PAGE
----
I have watched an excellent programme since it first graced our screens in the Neolithic Era. At first, it was the theme tune, the giblets and the gore, but more and more I have found Casualty to be one those must-see things in a week (after Top Gear, of course).
This week, in the midst of more power-struggling, doctors-gone-mad, domestic violence, fears on the part of a nurse about his own Family Jewels (seed of a storyline for us blokes later, mark my words), a boob-job-gone-gammy and the momentary possibility of romance, there was an account of a couple who were Jehovah's Witnesses.
Now, before I go a step further, that since my initial frustrations about the Visitors to My Door, the lovely couple who visit me periodically to deliver their magazine, chat, are generous with the constraints on my time of my work and family (that is to say, they do not outstay their welcome, and a quite clear that they mustn't) - they have become a pleasant addition to my life. We will disagree on almost everything, but in the end, I respect what they are doing and why, and they respect what I do and why. The adversarial sense on my door-step is gone, and we can have very mutual conversations without the old angsts.
The story-line in Casualty this week depicted a pregnant lady and her partner, both brimming with hope for the future. She took a tumble down an escalator as a result, I think, of a problem with her blood and a faint. You can see where this is going. After the rather cynical (but I understand why) inclusion in the story of said mum-to-be being robbed at the bottom of the escalator, she emerged in hospital. They discovered that she was a JW and would not want a transfusion if the need arose. The need arose, catastrophically. There was then a very well played-out debate among the medical staff about the conflict of religious belief and medical need, and in the end, the woman died for the lack of the transfusion. Why this was good, and it was, was because for the first time, I heard the JW position on this issue presented clearly and without hysteria, in a balanced and debated form through the theatre of this programme. I understand now that for Witnesses, transfusions and the like are regarded as a barrier to a share in the Resurrection. Whist I happen not to believe that myself, I now have a greater respect for their perspective. The balance was drawn in the story by the partner, the father to the poorly baby, conceding to let him/her receive a life-saving transfusion. This wasn't a depiction of a religious person blinded by a faith position, albeit resolute in it. This was a depiction of a faithful Witness torn by life and death, faith and science. It was a story without judgement, without rhetoric, and without needless pathos. It seemed real, and generously portrayed.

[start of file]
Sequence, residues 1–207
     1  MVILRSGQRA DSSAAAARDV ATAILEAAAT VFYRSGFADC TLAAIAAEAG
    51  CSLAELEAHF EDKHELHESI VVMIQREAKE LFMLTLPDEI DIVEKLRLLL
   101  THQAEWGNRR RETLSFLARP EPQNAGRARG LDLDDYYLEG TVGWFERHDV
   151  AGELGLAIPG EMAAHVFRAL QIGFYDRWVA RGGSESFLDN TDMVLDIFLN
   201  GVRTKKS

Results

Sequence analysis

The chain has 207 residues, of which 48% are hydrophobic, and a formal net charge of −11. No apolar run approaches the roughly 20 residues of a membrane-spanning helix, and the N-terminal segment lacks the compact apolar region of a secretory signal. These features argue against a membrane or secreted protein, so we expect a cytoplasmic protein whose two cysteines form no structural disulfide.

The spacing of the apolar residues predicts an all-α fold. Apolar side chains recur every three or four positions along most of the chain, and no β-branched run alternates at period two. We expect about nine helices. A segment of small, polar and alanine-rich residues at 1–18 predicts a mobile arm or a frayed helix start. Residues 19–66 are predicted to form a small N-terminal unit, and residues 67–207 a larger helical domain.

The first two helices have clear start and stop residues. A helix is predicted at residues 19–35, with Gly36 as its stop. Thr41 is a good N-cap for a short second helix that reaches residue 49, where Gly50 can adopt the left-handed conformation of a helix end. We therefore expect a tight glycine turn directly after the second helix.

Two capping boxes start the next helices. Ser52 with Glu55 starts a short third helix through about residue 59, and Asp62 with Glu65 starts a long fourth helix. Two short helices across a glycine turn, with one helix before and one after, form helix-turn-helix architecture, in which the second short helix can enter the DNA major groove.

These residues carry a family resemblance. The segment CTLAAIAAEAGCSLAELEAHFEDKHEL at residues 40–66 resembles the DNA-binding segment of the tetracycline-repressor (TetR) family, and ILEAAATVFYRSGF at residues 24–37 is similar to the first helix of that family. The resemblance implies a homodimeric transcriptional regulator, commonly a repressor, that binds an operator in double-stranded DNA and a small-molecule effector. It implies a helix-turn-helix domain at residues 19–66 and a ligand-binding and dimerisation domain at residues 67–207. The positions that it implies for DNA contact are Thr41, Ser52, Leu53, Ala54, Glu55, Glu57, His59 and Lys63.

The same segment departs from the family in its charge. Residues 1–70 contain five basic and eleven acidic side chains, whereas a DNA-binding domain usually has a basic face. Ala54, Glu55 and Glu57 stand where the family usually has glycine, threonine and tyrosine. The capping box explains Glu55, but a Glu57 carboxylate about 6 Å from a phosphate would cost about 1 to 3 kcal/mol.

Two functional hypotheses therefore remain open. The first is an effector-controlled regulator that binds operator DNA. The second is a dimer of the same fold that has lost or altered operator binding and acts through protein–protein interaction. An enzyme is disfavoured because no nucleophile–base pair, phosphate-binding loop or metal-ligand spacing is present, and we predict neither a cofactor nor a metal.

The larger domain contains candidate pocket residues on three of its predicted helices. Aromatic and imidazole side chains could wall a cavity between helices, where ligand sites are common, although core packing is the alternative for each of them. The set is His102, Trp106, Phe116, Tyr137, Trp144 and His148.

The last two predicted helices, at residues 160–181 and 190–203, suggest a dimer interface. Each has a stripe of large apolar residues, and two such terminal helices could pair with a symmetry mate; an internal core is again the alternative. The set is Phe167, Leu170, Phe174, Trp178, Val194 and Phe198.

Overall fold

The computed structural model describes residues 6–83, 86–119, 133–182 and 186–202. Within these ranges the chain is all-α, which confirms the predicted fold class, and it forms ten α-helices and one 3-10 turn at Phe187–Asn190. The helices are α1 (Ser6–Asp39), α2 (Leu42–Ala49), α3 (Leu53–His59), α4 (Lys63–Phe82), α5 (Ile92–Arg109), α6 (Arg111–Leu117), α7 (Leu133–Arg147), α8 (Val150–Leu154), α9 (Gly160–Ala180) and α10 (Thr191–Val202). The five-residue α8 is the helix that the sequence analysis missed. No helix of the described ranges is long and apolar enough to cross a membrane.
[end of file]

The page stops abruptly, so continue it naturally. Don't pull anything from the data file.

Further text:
You all know my feelings about the excesses of our TV writers. Some love to take lives and turn them into grotesque theatre for our delight, and others are just clumsy and puerile. This episode will be memorable because it took a real struggle and offered it to us realistically.